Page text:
The spirit will remain hidden in the hold of the Space Station for a period of up to three years (unless of course the astronauts living there find it!) during which time the development of the whiskey will be monitored against “control samples” here on earth – in Houston Texas and, more familiarly in a cask of new make spirit resting in Warehouse #3 at the Ardbeg distillery.
To celebrate this research initiative, Ardbeg created a very unusual and very very limited whisky, aptly called Ardbeg Galileo.  At its heart, Galileo is hallmark Ardbeg whiskey produced in 1999 that has been matured in classic ex-bourbon barrels and finished in ex-Marsala sherry casks.  The result is a deep golden, smoky Ardbeg balanced with rich flavors from Sicily.  The whiskey is non-chill-filtered for extra texture and mouthfeel, and bottled at a strength of 49% abv.
This is an extremely limited production whisky, and virtually impossible to find anywhere. Lucky for us, Nicky The Neck was once part of the team that involved sending unidentified bodies into space, and so was able to secure for us a very limited quantity of this out of this world whisky.
And so it is with great excitement that we’re able to offer a bottle of Ardbeg Galileo, for $110/ bottle, to the lucky few who react with warp speed (one/1 bottle/ customer please).  But be fast…really fast….because once Galileo is gone…it’s gone!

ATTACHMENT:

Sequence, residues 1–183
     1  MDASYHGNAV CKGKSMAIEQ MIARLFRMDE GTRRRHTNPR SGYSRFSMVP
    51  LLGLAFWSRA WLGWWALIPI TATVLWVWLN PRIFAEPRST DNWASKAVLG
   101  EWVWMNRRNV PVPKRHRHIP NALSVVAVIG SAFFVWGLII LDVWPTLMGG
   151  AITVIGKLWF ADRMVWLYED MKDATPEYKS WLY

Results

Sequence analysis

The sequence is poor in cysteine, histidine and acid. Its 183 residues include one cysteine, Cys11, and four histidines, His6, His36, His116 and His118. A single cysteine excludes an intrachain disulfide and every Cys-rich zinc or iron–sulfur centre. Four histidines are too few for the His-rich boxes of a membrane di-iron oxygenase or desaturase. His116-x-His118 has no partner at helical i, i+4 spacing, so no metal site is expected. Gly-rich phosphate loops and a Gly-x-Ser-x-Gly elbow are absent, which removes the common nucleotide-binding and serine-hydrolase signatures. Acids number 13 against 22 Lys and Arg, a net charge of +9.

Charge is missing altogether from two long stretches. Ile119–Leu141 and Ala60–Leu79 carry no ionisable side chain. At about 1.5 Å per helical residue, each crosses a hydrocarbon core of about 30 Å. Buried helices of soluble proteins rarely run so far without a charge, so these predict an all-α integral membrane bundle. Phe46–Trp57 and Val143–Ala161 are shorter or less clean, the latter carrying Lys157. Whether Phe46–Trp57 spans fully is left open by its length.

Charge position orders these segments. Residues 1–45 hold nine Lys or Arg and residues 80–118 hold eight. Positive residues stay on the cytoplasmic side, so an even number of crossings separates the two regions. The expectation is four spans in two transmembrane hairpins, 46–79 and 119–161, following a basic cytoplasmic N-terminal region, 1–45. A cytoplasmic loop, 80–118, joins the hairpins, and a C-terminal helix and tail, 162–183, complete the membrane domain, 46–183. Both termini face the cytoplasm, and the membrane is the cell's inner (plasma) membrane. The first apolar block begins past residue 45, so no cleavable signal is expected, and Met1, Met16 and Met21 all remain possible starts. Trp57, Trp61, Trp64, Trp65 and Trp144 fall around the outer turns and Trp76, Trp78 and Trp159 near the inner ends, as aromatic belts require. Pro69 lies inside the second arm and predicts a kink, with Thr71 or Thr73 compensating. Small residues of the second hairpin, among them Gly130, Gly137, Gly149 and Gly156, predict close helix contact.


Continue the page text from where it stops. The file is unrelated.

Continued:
And until next week, high spirits to you all!

Doug Signature

Doug Stone






Whiskies Matters: Whisky Elections Coming Up! – Whisky News


Greetings whisky devotees,

We’re happy to talk to you again, and in case you long for an occasion to celebrate with whisky, here is an excellent one for you: fall officially started with last Saturday’s equinox. If you happen to be a sports fan, you may as well find a good use of your whisky to cheer on your favorite team this football season.

And let’s not forget the elections that mark this year’s autumn. While choosing one out of two doesn’t appear a conceptually difficult act, it may still involve serious and fervent decision-making. Imagine if hundreds and hundreds of candidates were running for president… whisky president. What a great way to exercise positive thinking!

Whisky Elections 2012